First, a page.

When a session is started following things happen:

PHP first creates a unique identifier for that particular session which is a random string of 32
hexadecimal numbers such as 3c7foj34c3jj973hjkop2fc937e3443.
A cookie called PHPSESSID is automatically sent to the user's computer to store unique session
identification string.
A file is automatically created on the server in the designated temporary directory and bears the
name of the unique identifier prefixed by sess_ ie sess_3c7foj34c3jj973hjkop2fc937e3443.

When a PHP script wants to retrieve the value from a session variable, PHP automatically gets the unique
session identifier string from the PHPSESSID cookie and then looks in its temporary directory for the file
bearing that name and a validation can be done by comparing both values.
A session ends when the user loses the browser or after leaving the site, the server will terminate the
session after a predetermined period of time, commonly 30 minutes duration.

Starting a PHP Session:


A PHP session is easily started by making a call to the session_start() function.This function first checks if
a session is already started and if none is started then it starts one. It is recommended to put the call to
session_start() at the beginning of the page.
Session variables are stored in associative array called $_SESSION[]. These variables can be accessed
during lifetime of a session.
The following example starts a session then register a variable called counter that is incremented each time
the page is visited during the session.
Make use of isset() function to check if session variable is already set or not.
Put this code in a test.php file and load this file many times to see the result:

<?php
session_start();
if( isset( $_SESSION['counter'] ) )
{
$_SESSION['counter'] += 1;
}
else
{
$_SESSION['counter'] = 1;
}
$msg = "You have visited this page ".
$msg .= "in this session.";
?>
<html>
<head>
<title>Setting up a PHP session</title>
</head>
<body>
<?php echo ( $msg ); ?>
</body>
</html>

$_SESSION['counter'];

Destroying a PHP Session:


A PHP session can be destroyed by session_destroy() function. This function does not need any argument
and a single call can destroy all the session variables. If you want to destroy a single session variable then
you can use unset() function to unset a session variable.
Here is the example to unset a single variable:

<?php

unset($_SESSION['counter']);
?>
Here is the call which will destroy all the session variables:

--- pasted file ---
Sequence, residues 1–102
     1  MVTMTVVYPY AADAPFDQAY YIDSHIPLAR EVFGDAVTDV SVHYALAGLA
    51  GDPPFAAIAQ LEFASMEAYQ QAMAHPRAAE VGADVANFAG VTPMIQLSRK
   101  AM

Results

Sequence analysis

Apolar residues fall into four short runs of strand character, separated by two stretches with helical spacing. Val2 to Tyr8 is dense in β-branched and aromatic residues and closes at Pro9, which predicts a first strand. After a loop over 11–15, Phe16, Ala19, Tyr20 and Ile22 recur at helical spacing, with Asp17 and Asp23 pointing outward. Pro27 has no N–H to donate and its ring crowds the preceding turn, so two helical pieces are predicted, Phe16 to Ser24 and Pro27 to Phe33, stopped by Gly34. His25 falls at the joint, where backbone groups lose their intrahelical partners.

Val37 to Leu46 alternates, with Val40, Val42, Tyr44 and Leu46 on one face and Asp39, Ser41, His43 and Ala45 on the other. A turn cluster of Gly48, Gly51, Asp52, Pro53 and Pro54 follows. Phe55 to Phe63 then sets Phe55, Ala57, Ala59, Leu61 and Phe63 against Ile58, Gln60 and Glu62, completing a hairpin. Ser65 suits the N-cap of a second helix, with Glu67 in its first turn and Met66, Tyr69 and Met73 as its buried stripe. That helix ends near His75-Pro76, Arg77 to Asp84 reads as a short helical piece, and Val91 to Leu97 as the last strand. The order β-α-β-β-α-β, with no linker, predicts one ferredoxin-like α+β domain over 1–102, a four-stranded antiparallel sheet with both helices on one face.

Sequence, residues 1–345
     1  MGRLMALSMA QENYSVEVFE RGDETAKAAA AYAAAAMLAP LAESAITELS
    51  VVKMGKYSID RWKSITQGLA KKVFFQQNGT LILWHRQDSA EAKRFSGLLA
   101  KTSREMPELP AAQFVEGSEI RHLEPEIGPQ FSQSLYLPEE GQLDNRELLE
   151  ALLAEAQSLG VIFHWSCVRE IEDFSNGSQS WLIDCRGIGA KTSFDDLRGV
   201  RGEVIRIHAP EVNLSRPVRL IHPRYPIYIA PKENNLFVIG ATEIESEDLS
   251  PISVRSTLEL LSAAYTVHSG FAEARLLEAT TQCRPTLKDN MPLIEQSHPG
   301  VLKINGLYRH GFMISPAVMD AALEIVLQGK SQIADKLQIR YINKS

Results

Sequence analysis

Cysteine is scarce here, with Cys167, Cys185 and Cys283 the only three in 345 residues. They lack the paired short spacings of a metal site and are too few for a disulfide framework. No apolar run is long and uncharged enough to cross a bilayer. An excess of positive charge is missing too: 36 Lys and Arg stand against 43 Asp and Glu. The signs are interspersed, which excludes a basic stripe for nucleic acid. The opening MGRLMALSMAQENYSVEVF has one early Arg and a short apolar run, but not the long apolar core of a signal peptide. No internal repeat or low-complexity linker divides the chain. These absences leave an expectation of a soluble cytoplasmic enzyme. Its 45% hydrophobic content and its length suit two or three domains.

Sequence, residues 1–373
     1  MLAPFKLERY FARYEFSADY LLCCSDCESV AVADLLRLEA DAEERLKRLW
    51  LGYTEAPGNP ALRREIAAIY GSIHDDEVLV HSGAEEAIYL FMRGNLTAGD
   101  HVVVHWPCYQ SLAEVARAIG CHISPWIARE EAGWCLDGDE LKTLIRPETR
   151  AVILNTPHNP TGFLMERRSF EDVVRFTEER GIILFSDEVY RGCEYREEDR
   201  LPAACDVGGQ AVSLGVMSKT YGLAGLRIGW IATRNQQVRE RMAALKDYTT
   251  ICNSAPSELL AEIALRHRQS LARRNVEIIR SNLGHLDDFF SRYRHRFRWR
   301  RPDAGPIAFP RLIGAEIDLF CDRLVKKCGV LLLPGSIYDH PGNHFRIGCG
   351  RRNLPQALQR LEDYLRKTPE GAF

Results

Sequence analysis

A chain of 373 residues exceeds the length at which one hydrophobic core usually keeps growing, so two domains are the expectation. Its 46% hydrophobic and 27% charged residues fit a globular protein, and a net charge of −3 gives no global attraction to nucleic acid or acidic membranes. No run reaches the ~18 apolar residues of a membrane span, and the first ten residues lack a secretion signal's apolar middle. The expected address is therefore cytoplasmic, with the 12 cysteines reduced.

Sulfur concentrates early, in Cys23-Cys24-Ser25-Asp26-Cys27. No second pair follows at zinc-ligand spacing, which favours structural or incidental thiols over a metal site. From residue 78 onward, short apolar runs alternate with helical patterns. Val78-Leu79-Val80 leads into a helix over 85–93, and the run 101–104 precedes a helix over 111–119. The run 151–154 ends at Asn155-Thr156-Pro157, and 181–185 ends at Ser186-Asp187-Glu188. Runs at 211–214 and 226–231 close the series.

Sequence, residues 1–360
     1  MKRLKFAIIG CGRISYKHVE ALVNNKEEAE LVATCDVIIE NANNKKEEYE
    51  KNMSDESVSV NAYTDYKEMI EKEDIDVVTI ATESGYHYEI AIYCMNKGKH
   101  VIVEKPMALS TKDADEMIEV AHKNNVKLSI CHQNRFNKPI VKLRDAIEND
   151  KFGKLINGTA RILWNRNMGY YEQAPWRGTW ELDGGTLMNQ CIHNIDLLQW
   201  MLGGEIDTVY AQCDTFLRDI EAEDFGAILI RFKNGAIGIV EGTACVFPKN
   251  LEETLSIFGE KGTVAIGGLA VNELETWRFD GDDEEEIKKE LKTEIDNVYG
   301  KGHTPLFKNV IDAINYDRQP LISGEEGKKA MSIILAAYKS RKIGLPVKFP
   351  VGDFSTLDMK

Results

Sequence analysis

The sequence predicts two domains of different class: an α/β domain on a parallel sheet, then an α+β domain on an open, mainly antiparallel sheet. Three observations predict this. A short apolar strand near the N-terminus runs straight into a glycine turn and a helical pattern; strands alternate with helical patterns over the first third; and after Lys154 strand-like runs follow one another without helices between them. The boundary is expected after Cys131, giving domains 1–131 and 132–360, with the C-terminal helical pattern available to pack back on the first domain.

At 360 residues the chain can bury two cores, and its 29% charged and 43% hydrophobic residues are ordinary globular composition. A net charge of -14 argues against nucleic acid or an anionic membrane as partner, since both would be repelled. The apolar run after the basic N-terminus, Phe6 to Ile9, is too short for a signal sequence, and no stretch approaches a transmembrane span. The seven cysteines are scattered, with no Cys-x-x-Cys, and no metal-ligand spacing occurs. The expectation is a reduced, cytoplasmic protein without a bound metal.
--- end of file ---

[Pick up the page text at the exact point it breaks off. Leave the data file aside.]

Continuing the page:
<?php
session_destroy();
?>

Turning on Auto Session:


You don't need to call start_session() function to start a session when a user visits your site if you can set
session.auto_start variable to 1 in php.ini file.

Sessions without cookies:


There may be a case when a user does not allow to store cookies on their machine. So there is another
method to send session ID to the browser.
Alternatively, you can use the constant SID which is defined if the session started. If the client did not send
an appropriate session cookie, it has the form session_name=session_id. Otherwise, it expands to an empty
string. Thus, you can embed it unconditionally into URLs.
The following example demonstrates how to register a variable, and how to link correctly to another page
using SID.

<?php
session_start();
if (isset($_SESSION['counter'])) {
$_SESSION['counter'] = 1;
} else {
$_SESSION['counter']++;
}
?>
$msg = "You have visited this page ".
$msg .= "in this session.";
echo ( $msg );

$_SESSION['counter'];

<p>
To continue click following link <br />
<a href="nextpage.php?<?php echo htmlspecialchars(SID); >">
</p>
The htmlspecialchars() may be used when printing the SID in order to prevent XSS related attacks.

PHP - Sending Emails

PHP must be configured correctly in the php.ini file with the details of how your system sends email. Open
php.ini file available in /etc/ directory and find the section headed [mail function].
Windows users should ensure that two directives are supplied. The first is called SMTP that defines your
email server address. The second is called sendmail_from which defines your own email address.
The configuration for Windows should look something like this:

[mail function]
; For Win32 only.
SMTP = smtp.secureserver.net
; For win32 only
sendmail_from = webmaster@tutorialspoint.com
Linux users simply need to let PHP know the location of their sendmail application. The path and any